This Saturday I’m pleased to be among four writers taking part in a panel discussion at the market on food blogging and food writing, covering topics such as how to start a food blog, what it takes to be a food writer, and why anyone would want to write a food blog (that last one makes me smile!).
My esteemed co-panelists include:
Katie Parla, author of Parla Food and the travel app Katie Parla’s Rome
Pat Tanner, author of the Dine With Pat column that offers advice and restaurant recommendations to Central Jersey diners
Rachael Weston, the author of Gutsy Gourmet and In Season columns in The Star-Leder and NJ.com
Join us at 10:00 am and then shop the market before heading home. I know I will be, and writing about it too!
The Market opens at 9:00 am and runs until 1:00 pm every Saturday through the Saturday before Thanksgiving. You can find it in the Vaughn Drive lot of the Princeton Junction train station in West Windsor, NJ.
This year’s crop of famous — and some might say infamous — Jersey corn is still only about waist-high, but those fledgling stalks already have me dreaming of all things corn. We probably have another month to wait until the early ears hit the farmer’s markets and I’m counting down the days.
Same with summer’s bounty of cherry tomatoes. And even though I know I’ll be rewarded if I wait it out, I couldn’t help picking up a pint of grape tomatoes at the grocery store recently to roast with the ultra-convenient frozen corn we nearly always have on hand.
Corn — or maize, as it’s known in many countries — is an ancient grain which is believed to have originated in Mexico. It quickly spread along trade routes into the Americas and Europe — and beyond — due largely to its ability to thrive in extremely diverse climates. The Americas are still responsible for the majority of corn production, both the sweet corn that we prefer to eat and the feed corn that is grown for livestock. Since I’m a believer, as I’ve said before, in the maxim that “things that grow together go together,” it’s little wonder that we’ve paired tomatoes with corn in this dish. Tomatoes, too, originated in Mexico and followed similar exploration and trade routes to become the world-wide crop they are today.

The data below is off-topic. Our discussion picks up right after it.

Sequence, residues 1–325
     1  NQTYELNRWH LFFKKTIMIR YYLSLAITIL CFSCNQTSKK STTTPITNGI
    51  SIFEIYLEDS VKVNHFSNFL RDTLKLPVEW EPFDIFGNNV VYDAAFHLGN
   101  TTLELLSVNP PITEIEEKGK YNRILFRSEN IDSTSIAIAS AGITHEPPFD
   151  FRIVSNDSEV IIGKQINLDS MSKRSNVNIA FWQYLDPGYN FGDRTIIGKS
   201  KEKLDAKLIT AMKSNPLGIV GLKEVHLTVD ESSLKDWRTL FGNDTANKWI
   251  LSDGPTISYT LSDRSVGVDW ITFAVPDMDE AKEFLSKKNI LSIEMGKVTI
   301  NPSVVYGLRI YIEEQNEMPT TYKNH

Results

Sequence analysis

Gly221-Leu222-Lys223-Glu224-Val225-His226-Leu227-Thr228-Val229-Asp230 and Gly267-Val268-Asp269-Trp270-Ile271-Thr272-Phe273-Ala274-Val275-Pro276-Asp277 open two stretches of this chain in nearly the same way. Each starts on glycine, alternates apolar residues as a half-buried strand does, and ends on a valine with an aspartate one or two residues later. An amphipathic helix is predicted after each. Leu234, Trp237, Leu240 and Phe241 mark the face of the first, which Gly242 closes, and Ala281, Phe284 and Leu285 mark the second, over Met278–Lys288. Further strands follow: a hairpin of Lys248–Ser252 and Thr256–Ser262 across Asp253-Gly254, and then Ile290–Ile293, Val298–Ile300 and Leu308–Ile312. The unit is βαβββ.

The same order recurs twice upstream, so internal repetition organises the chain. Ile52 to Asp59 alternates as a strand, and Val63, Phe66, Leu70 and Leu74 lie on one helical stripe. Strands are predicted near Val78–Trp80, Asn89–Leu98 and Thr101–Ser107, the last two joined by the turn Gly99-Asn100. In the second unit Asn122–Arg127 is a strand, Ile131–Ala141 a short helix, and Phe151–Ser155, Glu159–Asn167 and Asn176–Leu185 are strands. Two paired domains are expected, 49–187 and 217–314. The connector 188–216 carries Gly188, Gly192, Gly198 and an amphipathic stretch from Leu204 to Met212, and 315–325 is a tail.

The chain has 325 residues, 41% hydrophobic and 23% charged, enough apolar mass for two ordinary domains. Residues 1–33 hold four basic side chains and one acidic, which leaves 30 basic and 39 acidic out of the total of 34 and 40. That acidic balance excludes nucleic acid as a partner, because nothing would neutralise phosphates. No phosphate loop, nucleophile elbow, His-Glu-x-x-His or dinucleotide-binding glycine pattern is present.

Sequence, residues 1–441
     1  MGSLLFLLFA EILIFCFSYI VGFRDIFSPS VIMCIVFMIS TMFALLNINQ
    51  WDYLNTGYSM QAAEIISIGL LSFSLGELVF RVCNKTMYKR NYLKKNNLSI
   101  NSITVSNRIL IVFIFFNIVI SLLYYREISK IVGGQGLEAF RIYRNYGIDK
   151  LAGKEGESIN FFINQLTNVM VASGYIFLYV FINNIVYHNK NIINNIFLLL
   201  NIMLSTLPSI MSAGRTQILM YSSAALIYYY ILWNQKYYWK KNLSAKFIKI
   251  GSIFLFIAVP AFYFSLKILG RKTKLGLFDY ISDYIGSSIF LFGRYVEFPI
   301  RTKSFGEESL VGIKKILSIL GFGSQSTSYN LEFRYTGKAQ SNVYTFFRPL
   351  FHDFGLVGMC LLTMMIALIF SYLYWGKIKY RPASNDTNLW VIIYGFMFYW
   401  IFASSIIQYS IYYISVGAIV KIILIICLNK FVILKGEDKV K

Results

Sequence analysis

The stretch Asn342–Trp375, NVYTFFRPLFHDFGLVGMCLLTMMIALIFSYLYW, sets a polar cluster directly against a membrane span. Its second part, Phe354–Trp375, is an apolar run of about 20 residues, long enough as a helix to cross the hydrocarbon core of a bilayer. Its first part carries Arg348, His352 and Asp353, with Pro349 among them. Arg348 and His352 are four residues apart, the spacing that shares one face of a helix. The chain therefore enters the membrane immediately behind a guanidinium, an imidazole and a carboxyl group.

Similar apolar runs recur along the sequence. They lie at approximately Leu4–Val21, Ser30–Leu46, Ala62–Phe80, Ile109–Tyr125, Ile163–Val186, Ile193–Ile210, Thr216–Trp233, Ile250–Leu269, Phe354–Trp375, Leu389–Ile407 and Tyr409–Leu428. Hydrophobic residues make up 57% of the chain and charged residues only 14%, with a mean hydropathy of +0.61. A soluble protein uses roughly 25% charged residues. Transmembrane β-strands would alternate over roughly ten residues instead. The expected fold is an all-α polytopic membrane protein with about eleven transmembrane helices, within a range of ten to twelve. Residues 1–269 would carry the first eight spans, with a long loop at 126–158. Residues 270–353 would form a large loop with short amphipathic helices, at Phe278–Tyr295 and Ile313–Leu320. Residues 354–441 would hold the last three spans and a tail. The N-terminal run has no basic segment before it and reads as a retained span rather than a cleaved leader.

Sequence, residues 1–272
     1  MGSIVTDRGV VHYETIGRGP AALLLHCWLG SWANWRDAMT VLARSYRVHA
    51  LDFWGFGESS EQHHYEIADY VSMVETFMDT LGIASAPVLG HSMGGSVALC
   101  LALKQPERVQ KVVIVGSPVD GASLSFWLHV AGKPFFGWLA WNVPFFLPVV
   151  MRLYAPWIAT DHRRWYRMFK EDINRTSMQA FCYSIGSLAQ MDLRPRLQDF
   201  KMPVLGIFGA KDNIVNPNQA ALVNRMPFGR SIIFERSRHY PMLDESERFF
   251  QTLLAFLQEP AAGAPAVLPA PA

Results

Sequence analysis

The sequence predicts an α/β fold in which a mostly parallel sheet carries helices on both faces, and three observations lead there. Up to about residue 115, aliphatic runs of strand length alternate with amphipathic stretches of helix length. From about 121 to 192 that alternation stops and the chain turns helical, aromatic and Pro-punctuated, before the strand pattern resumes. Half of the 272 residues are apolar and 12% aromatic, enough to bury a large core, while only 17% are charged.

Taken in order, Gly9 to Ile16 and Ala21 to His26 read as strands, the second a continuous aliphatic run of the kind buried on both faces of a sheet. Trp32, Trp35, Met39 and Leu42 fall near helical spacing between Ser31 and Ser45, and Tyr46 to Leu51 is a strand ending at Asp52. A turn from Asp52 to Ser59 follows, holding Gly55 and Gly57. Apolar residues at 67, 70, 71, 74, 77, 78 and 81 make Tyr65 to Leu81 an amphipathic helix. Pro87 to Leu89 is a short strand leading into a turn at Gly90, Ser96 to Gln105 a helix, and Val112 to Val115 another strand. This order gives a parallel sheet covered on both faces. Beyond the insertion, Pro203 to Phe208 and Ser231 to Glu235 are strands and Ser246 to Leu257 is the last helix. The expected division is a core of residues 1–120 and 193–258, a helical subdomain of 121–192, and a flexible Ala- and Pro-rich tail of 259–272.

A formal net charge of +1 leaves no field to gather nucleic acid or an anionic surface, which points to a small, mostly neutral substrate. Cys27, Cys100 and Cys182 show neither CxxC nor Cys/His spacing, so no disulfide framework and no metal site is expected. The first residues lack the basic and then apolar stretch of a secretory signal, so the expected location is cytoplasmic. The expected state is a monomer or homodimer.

Before the roasting: corn, tomatoes, thyme leaves, olive oil and salt
This dish qualifies as super simple — a side that comes together so quickly you hardly have to think about it. It’s succotash’s more kid-friendly cousin (nary a lima bean in sight), roasted in the oven to give it a sweeter, slightly more smoky flavor. It’s vegetarian, vegan, and one of those dishes where the quality of the produce really stands out. For those of you concerned about genetically modified ingredients, seek out non-GMO corn and tomatoes and make sure your olive oil is non-GMO too. In my opinion, purchasing produce that hasn’t had its genes played around with means you’ll get the real deal — juicer tomatoes, cornier corn (though perhaps a bit less sweet, but more flavorful!), and olive oil that tastes like the olives from which it was pressed.
Isn’t this a pretty dish to set before…well…anyone? Roasted corn and tomatoes with basil.
You know what’s cooking in our kitchen tonight? A little celebration! We just found out that The Stout Sprout is among 10 family-friendly cooking blog finalists nominated to move on to the voting phase in The Kitchn’s Homies Awards.